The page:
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What We're Watching: Poland ditches ban on foreign media, Somalia's power struggle, Erdogan vs Istanbul

Demonstrators hold placards and flags during the demonstration. Thousands of people came to the presidential palace in Warsaw to protest against restrictions of media freedom by the Polish government

Poland backs down on contentious media law. Poland’s populist President Andrzej Duda has vetoed a law that would have barred companies outside of the European Economic Area from owning a stake in Polish media corporations. Critics say the now-nixed law was aimed at silencing US-owned news channel TVN24, which has covered Warsaw’s increasing authoritarian tendencies in recent years. Indeed, Washington was blindsided on December 17 when Poland’s parliament adopted the new law, saying it violates a trade and economic agreement between the two countries. Duda’s ruling Law and Justice Party, meanwhile, which heads one of Europe’s most “illiberal” governments, says the legislation was not aimed at ally Washington, but rather at freezing out hostile actors – like Russia – from its media ecosystem. Duda has been in a tight spot: the nationalist leader previously said he supported the proposed legislation, but he has clearly decided that a deepening row with Washington amid rising inflation and a COVID spike at home is not worth the headache.

Somali president and PM clash. The president of Somalia on Monday moved to depose the country’s prime minister as part of an escalating struggle for power that could plunge the fragile East African country into chaos. President Mohamed Abdullahi Mohamed accuses PM Mohammed Hussein Roble of stealing land from the armed forces. The PM, meanwhile, says this is a bogus charge intended to halt ongoing parliamentary elections. Earlier this year, President Mohamed’s attempt to extend his term by two years provoked a violent backlash. He walked that back as part of a tenuous power-sharing agreement with PM Roble, which included a plan to hold fresh elections by the end of 2021. But so far, those elections — run under a complex system in which traditional elders select parliamentary delegates to elect the president — have been only partially completed. The clash between the country’s two most powerful men, who hail from rival clans, threatens to split the country’s armed forces and other security services. The powerful jihadist militants of al-Shabaab, meanwhile, who have waged war on the Somali government since 2007, are happy to have a distraction than can help them carry out deadly attacks. The big loser in this drama are the six million Somalis (roughly a third of the population) who the UN warns “urgently need humanitarian support.”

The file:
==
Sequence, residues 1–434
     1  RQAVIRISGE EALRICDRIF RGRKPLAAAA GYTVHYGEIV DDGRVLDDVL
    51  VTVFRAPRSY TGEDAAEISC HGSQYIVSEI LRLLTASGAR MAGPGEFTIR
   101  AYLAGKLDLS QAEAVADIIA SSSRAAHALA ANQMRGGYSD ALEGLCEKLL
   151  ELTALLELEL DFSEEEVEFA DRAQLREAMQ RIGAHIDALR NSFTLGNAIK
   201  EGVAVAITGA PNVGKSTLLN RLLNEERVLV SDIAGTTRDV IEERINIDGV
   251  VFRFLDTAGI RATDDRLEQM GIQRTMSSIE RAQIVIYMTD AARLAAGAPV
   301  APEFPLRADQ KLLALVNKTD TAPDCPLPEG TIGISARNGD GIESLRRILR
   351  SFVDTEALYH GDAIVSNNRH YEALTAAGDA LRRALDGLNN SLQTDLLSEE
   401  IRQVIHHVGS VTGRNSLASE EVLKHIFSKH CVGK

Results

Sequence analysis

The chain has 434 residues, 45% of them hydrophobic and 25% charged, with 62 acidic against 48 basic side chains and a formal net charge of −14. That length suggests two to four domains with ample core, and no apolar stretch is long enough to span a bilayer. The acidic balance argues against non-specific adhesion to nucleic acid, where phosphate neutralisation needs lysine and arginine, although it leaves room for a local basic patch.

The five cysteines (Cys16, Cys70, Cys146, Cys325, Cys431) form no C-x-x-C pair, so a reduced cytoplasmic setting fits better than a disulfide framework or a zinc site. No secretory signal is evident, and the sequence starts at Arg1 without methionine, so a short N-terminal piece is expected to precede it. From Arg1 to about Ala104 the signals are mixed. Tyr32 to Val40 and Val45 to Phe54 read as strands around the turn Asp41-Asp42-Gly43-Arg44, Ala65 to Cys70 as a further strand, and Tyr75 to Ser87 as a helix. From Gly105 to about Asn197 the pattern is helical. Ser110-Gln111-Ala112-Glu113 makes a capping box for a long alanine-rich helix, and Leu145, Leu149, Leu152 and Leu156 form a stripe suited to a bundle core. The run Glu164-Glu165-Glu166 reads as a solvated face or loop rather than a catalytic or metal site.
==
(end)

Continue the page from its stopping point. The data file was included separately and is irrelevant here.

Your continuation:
Turkey launches terror probe of Istanbul city employees. The Turkish government is investigating whether more than 400 employees of the Istanbul municipal government have ties to terrorist or militant groups. Tensions between Istanbul and the national government have run particularly high since 2019, when popular opposition leader Ekrem Imamoglu defeated the candidate of President Recep Tayyip Erdogan’s ruling AKP party in mayoral elections. And since a failed 2016 coup, Erdogan's government has jailed or removed tens of thousands of officials across the country for alleged ties to militant or religious groups that are at odds with Ankara. Critics of Erdogan’s government say the Istanbul terrorism probe is meant to weaken Mayor Imamoglu, who is seen as a potential rival to the increasingly unpopular Erdogan in 2023 presidential elections. And here, in case you missed it, is Signal's imaginary look at President Erdogan’s seemingly crazy economic policies… from his own perspective.


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